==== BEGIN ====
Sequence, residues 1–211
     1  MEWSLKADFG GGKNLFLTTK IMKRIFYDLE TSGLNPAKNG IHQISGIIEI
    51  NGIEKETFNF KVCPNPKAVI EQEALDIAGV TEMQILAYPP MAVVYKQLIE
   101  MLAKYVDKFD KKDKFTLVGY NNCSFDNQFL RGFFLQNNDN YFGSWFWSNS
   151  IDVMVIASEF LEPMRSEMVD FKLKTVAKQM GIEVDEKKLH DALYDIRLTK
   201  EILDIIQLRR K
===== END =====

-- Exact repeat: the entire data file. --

Sequence, residues 1–211
     1  MEWSLKADFG GGKNLFLTTK IMKRIFYDLE TSGLNPAKNG IHQISGIIEI
    51  NGIEKETFNF KVCPNPKAVI EQEALDIAGV TEMQILAYPP MAVVYKQLIE
   101  MLAKYVDKFD KKDKFTLVGY NNCSFDNQFL RGFFLQNNDN YFGSWFWSNS
   151  IDVMVIASEF LEPMRSEMVD FKLKTVAKQM GIEVDEKKLH DALYDIRLTK
   201  EILDIIQLRR K